I understand the funeral is on Monday from the town hall and I hope, so long as his family have no objection, all his fans who can go there, will.

  • Maureen Pearce

    My snooker growing up has always been around Alex and Jimmy and Ronnie if they was’nt playing i didnt want to know.
    None of us are perfect.
    Rest in peace Alex Higgins.

  • lover not a fighter

    Genius does not come a calling all that often.

    Crazy old Alex had some genius at least some of the time

    It would’nt hurt to give the infrequent genius medium an auld sendoff !

  • AlanMaskey

    Just done watching some videos of George Best in particular on youtube. Most of them are his onfield actions, a few are goodish interviews like the one with Denis Law (I then switched to watch Law relegate Utd). Only one of them has him pissed with Terry Wogan. So if youtube rules, we remember Best for his footballing genius, a little for his punditry and hardly at all for his boozing. Higgins will be remembered for his snooker and, importantly, as a warning against smoking.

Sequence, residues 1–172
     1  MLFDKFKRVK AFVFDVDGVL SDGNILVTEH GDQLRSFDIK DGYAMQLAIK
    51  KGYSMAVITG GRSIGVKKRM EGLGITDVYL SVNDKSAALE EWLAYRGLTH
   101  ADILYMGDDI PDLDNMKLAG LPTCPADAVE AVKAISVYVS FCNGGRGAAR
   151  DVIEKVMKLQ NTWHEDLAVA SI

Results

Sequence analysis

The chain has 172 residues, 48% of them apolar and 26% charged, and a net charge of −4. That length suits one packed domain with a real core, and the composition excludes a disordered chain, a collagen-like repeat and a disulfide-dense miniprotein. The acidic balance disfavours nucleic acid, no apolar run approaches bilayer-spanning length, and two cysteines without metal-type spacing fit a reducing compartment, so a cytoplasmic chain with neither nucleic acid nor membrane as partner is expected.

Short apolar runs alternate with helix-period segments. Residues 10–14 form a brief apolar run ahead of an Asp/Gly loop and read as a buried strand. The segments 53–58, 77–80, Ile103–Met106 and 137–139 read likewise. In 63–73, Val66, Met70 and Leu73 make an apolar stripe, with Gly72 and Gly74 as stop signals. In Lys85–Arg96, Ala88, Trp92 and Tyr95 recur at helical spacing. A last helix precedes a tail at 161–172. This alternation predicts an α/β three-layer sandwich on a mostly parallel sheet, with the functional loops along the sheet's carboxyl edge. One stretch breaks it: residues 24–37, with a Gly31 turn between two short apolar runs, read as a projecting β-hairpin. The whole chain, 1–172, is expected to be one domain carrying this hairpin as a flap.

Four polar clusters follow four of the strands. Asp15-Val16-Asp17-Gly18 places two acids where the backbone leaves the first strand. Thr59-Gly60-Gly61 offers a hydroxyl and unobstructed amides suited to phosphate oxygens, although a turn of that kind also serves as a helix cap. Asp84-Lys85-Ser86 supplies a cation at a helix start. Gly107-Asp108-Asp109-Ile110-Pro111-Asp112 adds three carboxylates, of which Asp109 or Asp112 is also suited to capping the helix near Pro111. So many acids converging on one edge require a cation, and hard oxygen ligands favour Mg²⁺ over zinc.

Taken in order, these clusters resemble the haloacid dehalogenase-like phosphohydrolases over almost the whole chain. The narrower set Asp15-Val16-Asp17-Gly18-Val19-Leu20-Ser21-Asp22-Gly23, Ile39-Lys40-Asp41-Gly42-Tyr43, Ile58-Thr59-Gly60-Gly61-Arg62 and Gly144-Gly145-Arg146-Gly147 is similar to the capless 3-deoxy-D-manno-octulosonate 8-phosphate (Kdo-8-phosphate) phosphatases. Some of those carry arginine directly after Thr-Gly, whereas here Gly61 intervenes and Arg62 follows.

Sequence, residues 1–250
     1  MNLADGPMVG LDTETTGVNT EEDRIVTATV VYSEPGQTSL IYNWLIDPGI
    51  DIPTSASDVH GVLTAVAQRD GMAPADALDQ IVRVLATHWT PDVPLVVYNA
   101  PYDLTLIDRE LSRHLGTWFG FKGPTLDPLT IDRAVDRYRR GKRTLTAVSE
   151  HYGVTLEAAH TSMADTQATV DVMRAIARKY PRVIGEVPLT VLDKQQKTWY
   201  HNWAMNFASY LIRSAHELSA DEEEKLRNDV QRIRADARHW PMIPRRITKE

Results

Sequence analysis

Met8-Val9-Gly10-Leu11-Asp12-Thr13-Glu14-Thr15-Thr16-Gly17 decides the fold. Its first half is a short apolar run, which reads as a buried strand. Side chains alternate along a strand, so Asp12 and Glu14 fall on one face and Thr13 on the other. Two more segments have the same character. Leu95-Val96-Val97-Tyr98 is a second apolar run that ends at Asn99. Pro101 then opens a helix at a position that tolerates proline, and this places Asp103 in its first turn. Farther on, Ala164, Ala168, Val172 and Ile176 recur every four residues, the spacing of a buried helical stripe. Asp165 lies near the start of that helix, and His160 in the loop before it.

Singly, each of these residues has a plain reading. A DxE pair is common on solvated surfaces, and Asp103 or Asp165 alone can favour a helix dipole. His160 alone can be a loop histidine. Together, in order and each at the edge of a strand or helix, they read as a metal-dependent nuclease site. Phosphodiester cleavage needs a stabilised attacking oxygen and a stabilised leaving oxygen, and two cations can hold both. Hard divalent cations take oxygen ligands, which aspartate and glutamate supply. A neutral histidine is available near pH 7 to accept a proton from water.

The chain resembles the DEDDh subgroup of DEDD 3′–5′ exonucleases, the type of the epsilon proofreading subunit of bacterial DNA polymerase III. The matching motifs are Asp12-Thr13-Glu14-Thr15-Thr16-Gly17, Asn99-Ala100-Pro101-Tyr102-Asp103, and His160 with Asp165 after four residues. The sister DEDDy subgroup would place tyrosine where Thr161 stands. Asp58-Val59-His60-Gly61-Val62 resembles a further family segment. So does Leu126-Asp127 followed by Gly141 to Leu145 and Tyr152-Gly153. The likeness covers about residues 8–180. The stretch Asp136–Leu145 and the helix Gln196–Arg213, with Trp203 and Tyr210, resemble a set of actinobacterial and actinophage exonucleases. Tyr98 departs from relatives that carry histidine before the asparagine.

Ceertainly, at the end, despite his years of fancy talking, Bestie regretted his boozing. That too is worthv remembering.

  • Alan Maskey

    Higgins sounds like an Irish name. Could Sinn Fein call a cumann after him (and maybe George Best too?) As well as reaching out to Prods, Sinn Fein have made a bundle from the fags and the drink. As regards the bookies, the Provos can point to Kevin Mallon, as well as machine gun Shergar. As regards the snooker, didn’t hey catch the UVF prisoners out by planting a bomb under one in Crumlin Rd prison.

    Such a cumann would be very popular, as it would capture the Provo culture to a tee: male, fags, drink, gambling and snmooker, thne soign of a miss spent youth.

  • Rory Carr

    “,,,a miss spent youth”, Alan?

    Would that be one spent dressing up in ladies clothes? Can it be a Freudian slip (slip being the operative word)?

    Do tell us more.

  • Alexhmufc

    Good on YA JOE WEE IN THIS WEE COUNTRY WILL ALWAYS REMEMBER OUR GREATEST NO MATTER WHAT,

  • Alexhmufc